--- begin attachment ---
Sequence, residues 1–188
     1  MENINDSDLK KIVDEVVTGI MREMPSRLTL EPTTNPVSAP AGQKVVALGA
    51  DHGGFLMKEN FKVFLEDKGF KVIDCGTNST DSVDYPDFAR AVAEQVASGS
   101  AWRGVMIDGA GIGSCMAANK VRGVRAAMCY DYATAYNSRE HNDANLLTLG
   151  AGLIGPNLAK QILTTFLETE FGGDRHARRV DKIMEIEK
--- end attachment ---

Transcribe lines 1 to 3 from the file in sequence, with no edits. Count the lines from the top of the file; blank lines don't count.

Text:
Sequence, residues 1–188
     1  MENINDSDLK KIVDEVVTGI MREMPSRLTL EPTTNPVSAP AGQKVVALGA
    51  DHGGFLMKEN FKVFLEDKGF KVIDCGTNST DSVDYPDFAR AVAEQVASGS